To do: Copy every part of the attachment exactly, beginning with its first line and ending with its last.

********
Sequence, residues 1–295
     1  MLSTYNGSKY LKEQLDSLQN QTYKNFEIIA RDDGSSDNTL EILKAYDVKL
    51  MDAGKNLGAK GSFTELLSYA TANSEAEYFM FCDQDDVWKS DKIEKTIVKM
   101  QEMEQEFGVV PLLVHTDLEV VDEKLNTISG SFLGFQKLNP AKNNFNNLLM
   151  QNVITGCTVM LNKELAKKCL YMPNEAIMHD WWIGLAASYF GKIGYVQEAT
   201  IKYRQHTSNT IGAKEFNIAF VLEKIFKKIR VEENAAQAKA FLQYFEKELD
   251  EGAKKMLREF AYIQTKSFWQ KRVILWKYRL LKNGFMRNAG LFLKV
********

Sequence, residues 1–295
     1  MLSTYNGSKY LKEQLDSLQN QTYKNFEIIA RDDGSSDNTL EILKAYDVKL
    51  MDAGKNLGAK GSFTELLSYA TANSEAEYFM FCDQDDVWKS DKIEKTIVKM
   101  QEMEQEFGVV PLLVHTDLEV VDEKLNTISG SFLGFQKLNP AKNNFNNLLM
   151  QNVITGCTVM LNKELAKKCL YMPNEAIMHD WWIGLAASYF GKIGYVQEAT
   201  IKYRQHTSNT IGAKEFNIAF VLEKIFKKIR VEENAAQAKA FLQYFEKELD
   251  EGAKKMLREF AYIQTKSFWQ KRVILWKYRL LKNGFMRNAG LFLKV